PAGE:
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How does it start and what are the symptoms?
Veins with failed valves have trouble carrying blood from the legs back to the heart. Blood pools in the veins below, and they begin to dilate
and leak. The first signs of vein disease are often tiredness and a heavy feeling in the legs. This is a clear indication that the return flow of
blood from the legs to the heart is impaired. You may find that the problem is more pronounced after a day of prolonged sitting or standing.
That's because the leg veins are under higher pressure when you are upright, and they become enlarged by the pressure of the pooled blood.
Some of these veins dilate on the surface and become the typical varicose veins and spider veins, but most are hidden inside the leg. As the
walls of the smaller veins become weaker, they start to leak fluid, protein and blood cells into the surrounding tissues. Patients often begin to
experience ankle swelling and even night cramps Charleyey horses'). When you lie down for a while, the swelling may go down. But, chances
are, the swelling will return the next day. The skin begins to sicken and becomes discolored. Burning, itching, and even ulcers can develop.
"MOUNTCASTLE VEIN CENTERS CHANGING PEOPLE'S LIVES"
A TESTIMONIAL FROM ONE OF OUR PATIENTS.....
I wanted to thank you for the wonderful job you didfor me. As you know, I had been suffering with severe thi, '/,/,i',. aches, and pains in my
right leg for over two years. Sleeping at night was nearly impossible, due to the involuntary leg movements that occurred most nights. This caused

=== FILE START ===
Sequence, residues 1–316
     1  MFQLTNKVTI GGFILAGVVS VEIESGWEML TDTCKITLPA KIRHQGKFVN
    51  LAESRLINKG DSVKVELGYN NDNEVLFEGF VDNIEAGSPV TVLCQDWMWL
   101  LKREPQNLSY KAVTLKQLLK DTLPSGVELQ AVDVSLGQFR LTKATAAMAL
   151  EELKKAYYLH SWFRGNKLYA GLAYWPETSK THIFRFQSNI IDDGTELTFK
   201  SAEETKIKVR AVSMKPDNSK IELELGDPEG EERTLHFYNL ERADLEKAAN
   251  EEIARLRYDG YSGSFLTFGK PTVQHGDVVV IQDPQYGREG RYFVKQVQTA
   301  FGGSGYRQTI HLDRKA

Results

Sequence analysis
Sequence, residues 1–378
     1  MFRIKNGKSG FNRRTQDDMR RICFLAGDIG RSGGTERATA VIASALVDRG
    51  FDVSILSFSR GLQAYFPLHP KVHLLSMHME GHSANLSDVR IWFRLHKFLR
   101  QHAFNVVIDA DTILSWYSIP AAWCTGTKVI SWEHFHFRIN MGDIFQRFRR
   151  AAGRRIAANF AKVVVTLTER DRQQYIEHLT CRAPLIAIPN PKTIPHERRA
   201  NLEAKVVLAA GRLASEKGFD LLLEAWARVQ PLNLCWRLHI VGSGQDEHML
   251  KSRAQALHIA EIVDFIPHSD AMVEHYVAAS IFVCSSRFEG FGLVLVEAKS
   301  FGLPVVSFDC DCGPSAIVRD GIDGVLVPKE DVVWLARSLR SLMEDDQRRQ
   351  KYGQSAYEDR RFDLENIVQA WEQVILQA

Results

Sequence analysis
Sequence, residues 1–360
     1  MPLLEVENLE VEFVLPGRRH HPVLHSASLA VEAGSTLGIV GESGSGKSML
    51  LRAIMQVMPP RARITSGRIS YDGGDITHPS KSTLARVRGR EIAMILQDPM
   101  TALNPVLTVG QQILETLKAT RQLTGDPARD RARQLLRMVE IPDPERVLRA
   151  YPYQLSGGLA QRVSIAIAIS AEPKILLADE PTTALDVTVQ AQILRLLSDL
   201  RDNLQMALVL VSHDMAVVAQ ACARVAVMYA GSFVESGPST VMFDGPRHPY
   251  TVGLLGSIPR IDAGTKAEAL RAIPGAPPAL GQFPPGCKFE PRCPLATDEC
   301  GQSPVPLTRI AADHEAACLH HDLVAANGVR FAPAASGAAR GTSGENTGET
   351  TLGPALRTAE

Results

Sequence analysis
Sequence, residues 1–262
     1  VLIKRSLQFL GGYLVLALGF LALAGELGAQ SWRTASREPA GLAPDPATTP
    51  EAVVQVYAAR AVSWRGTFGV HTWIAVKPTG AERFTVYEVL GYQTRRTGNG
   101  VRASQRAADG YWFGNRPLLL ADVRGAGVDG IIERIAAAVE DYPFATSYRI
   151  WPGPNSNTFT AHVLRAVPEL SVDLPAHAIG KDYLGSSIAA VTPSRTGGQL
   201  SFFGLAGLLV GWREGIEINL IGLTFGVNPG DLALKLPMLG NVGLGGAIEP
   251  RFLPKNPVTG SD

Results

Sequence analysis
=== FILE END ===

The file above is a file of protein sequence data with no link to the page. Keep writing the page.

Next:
me to have problems at work and in everyday life. All of this continued despite all my efforts to get relief (legs up on pillows, massages, Potassium
pills, drinking lots of water support hose, many different types of shoes, and leg exercises at least twice a day). Long stretches of illin. especially
in a car or on a plane, caused excruciating pain.
I had seen several doctors with no relief Iprayed every night that I would get some relief and be able to sleep. Rarely did I have such luck
I was diagnosed with "restless leg syndrome" and given medication for it, but got little to no relief
I began to think this was how I would have to spend the rest of my life, when I saw an adfor Dr. Mountcastle. I had no idea this would be the
best phone call I ever made. I made an appointment. At that meeting an ultrasound was performed which revealed an "insufficient saphenous
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Thanks again Dr. Mountcastle, you have changed my life.
"Grandparents Riding for the Health of Grandchildren"
Let's Defeat Pediatric Cancer www.SammRides.com
Greater Sun City Center grandparents and support slet will bicycle 2-00 miles. over a period of 60 days, from Sun
i City, Arizna, t Sun City Cenler, Floridi, In Mrchi-May. 2011. to raise luni tlofighti dltlrlc carer. The project
horirs the memory of cilldren who have lost heal strugg le it cancer and are now In heaven. It is named
SammyRide, after Sarmnthae RotmU n, who we the granddaughtr of one of the rldera.The bcyclite, allgrandpereonts.
will demonstrate to the nadtinthat senlorB in Greaeer Sun Cily Center re healthy, active end caring willingg to work
hardto make the world a better place thn when we found it.
Volunteers Needed Call us... 938-4974 or email us at Paula@sammyrides.com Daniel J. Mountcastle, M.D, FAAEM, Board Certified,
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CALL US TODAY FOR A FREE CONSULTATION.
MEDICARE, AND MOST INSURANCES PAY FOR TREATMENT.